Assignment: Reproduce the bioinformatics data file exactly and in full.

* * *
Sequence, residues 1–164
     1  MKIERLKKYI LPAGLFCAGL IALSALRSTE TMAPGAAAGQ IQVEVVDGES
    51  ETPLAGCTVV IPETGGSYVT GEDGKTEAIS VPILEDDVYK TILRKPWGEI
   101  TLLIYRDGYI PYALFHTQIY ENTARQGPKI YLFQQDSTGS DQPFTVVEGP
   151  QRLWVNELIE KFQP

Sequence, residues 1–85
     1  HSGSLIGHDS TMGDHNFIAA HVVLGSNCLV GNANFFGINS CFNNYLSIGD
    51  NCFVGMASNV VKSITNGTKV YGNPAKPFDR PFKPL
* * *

Sequence, residues 1–164
     1  MKIERLKKYI LPAGLFCAGL IALSALRSTE TMAPGAAAGQ IQVEVVDGES
    51  ETPLAGCTVV IPETGGSYVT GEDGKTEAIS VPILEDDVYK TILRKPWGEI
   101  TLLIYRDGYI PYALFHTQIY ENTARQGPKI YLFQQDSTGS DQPFTVVEGP
   151  QRLWVNELIE KFQP

Sequence, residues 1–85
     1  HSGSLIGHDS TMGDHNFIAA HVVLGSNCLV GNANFFGINS CFNNYLSIGD
    51  NCFVGMASNV VKSITNGTKV YGNPAKPFDR PFKPL